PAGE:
When bringing a baby into the world, parents face a daunting decision—giving their child a name. It’s an identity the child will have for the rest of their life.
Brittny Gainey is familiar with the responsibilities of naming a child: She is the mother of two sons.
“People define themselves by their name. A name lets you know who you are and where you come from,” said Gainey, a licensed clinical social worker from the Tidewater area.
In 2013, she gave birth to a son and named him James. To Gainey, it was important for her first-born child to carry on a family name.
Gainey’s son shares a commonality not only with family members but with many other Virginians. Since 1910, more than 148,000 boys born in Virginia have been named James, making it the most common male name in the commonwealth during that time period.
Although the name James has fluctuated in popularity in recent decades, it was the third most common male name for babies born in the state in 2016.
The U.S. Social Security Administration annually tracks the most popular names of babies born nationwide as well as in individual states. The agency recently released its data for last year’s births.
Over the past century, the diversity of baby names has grown exponentially, and the popularity of certain names has shifted.
The Social Security Administration includes in its data any name given to at least five babies in a single year. For boys born in Virginia in 1910, there were 183 such names, ranging from Aaron and Abner to Willis and Wilson. But last year, 1,127 different male names were associated with five or more births; they vary from Abdul and Alberto to Zayden and Zymir.
In 1910, the five most common male names in Virginia were James, William, John, Robert and George. For boys born last year, the most popular names were William, Noah, James, Liam, and Mason. (John was No. 18, Robert was No. 44 and George was No. 101.)
The changes in girls’ names have been even more radical.
In 1910, the data showed, 287 female names were given to at least five babies in Virginia, ranging from Agnes and Alberta to Winifred and Zelma. Last year, the database included 1,384 girls’ names, from Aaliya and Addyson to Zariyah and Zuri.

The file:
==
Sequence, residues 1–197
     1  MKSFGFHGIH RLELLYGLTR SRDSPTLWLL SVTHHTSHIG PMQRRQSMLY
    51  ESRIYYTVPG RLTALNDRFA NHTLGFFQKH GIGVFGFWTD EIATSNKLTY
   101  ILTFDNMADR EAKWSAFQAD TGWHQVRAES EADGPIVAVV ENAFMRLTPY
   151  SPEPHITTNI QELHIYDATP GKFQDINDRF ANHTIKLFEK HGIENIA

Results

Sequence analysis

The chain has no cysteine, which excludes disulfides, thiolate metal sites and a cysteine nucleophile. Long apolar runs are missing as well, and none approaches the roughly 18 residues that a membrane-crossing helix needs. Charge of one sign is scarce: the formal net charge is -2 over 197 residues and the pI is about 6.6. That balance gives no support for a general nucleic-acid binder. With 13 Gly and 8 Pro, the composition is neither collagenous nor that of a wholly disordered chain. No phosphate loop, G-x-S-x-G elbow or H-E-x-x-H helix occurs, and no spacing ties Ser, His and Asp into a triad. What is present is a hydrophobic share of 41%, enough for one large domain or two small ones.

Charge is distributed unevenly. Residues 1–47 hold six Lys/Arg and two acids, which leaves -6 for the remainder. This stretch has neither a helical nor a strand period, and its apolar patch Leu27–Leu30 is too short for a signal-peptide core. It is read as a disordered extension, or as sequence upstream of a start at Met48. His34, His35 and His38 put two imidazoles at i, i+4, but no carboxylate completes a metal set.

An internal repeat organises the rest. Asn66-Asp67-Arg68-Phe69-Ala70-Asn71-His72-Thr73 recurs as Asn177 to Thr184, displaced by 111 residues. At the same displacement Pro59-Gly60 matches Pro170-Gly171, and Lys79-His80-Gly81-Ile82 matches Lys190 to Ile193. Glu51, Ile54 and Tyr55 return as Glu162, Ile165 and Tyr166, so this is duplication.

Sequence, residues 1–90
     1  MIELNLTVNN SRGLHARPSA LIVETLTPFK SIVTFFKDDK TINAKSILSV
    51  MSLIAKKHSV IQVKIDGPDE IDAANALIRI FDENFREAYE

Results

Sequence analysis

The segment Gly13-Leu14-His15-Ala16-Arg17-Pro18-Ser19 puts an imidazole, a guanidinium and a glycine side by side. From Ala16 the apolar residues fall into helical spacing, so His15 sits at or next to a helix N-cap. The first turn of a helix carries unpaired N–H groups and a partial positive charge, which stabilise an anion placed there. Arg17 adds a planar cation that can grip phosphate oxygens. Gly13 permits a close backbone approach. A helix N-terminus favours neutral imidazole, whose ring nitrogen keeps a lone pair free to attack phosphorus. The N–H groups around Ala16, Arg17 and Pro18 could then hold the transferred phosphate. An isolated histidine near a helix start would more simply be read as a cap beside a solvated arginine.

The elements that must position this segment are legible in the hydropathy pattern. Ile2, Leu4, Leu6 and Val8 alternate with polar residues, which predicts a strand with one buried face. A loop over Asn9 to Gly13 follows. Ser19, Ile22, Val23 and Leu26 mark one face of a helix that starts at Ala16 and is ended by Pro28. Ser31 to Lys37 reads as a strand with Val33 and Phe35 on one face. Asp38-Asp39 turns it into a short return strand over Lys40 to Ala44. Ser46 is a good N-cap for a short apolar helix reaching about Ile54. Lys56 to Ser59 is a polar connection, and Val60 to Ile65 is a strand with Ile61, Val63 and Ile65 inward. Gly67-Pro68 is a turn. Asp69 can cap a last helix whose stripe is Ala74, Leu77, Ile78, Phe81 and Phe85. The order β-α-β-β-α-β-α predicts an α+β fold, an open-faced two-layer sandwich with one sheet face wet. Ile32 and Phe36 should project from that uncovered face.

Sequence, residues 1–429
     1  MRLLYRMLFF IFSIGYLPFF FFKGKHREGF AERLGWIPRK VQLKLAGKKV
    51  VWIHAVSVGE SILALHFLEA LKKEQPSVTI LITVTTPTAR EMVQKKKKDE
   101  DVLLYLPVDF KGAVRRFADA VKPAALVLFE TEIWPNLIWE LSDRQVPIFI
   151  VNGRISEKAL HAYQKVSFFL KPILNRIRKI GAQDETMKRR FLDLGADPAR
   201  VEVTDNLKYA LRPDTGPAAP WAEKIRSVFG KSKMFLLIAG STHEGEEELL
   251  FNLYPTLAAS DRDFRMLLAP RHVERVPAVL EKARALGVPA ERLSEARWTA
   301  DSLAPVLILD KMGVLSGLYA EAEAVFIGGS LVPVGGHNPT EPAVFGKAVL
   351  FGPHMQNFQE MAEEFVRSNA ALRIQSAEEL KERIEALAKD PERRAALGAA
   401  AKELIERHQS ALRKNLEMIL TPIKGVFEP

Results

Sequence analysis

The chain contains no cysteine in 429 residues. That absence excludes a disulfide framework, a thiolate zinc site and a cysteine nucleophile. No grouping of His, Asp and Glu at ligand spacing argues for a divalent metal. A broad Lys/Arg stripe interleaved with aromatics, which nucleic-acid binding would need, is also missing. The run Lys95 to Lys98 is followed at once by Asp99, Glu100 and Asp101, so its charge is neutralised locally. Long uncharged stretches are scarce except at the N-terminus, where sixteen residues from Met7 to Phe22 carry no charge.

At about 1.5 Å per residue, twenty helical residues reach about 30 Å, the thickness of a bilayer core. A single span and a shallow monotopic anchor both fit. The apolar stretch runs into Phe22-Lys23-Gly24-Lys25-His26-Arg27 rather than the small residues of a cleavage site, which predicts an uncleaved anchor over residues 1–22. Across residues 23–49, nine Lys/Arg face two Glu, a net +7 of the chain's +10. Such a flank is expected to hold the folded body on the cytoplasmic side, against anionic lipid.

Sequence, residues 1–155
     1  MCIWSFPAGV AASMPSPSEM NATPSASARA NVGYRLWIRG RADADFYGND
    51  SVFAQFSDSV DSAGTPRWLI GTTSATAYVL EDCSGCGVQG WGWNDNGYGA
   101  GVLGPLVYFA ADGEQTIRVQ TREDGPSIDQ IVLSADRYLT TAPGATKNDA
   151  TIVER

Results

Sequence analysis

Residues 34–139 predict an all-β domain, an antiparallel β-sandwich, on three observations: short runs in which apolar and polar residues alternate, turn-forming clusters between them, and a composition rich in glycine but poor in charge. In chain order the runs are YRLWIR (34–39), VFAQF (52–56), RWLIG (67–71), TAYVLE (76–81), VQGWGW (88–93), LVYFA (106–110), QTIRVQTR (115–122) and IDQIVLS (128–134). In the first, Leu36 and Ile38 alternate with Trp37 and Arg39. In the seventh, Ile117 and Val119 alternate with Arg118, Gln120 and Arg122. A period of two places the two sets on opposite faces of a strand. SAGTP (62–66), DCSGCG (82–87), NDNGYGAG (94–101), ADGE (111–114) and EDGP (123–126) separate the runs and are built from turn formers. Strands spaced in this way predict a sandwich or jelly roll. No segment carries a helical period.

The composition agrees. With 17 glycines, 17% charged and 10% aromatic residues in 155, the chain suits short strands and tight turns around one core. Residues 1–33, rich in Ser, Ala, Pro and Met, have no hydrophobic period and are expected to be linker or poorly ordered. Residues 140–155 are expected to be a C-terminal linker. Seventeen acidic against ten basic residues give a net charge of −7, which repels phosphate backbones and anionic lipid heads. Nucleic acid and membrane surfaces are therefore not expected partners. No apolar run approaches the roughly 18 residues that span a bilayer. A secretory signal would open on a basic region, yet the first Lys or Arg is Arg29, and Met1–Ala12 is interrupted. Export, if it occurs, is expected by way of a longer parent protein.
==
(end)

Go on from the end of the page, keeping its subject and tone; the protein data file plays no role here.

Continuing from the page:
The most common female names in 1910 were Mary, Virginia, Elizabeth, Ruth and Margaret. In contrast, the most popular names for girls born in Virginia in 2016 were Olivia, Emma, Ava, Charlotte and Abigail.
Only Elizabeth remains among the top 10 female names (at No. 9). Mary has dropped to No. 70; Virginia, to No. 91; Ruth, to No. 115; and Margaret to No. 69.
Researchers say the first piece of information we learn about a person is their name —and on that basis, we may subconsciously form judgments about the individual. These judgments can trigger positive or negative feelings about someone.
Baby names can increase or decrease in popularity in response to popular culture or politics. The name Dorothy was the seventh most popular female name in Virginia in 1939—the year “The Wizard of Oz” was released.
Mark Hinkle, acting press officer for the Social Security Administration, has seen nationwide trends regarding particular names as well.
“Kehlani rose 2,487 spots on the girls’ side to number 872, from number 3,359 in 2015. Perhaps this can be attributed to Kehlani Parrish, a singer/songwriter who was nominated for a Grammy in 2016,” Hinkle noted in a press release.
After having James four years ago, Gainey gave birth to another boy in 2016 and named him Jabari. Jabari means “brave one” in Swahili. Gainey said parents should think carefully about all that encompasses naming a child.
“A name is something that people can never take from you, and you carry it with pride and joy,” she said.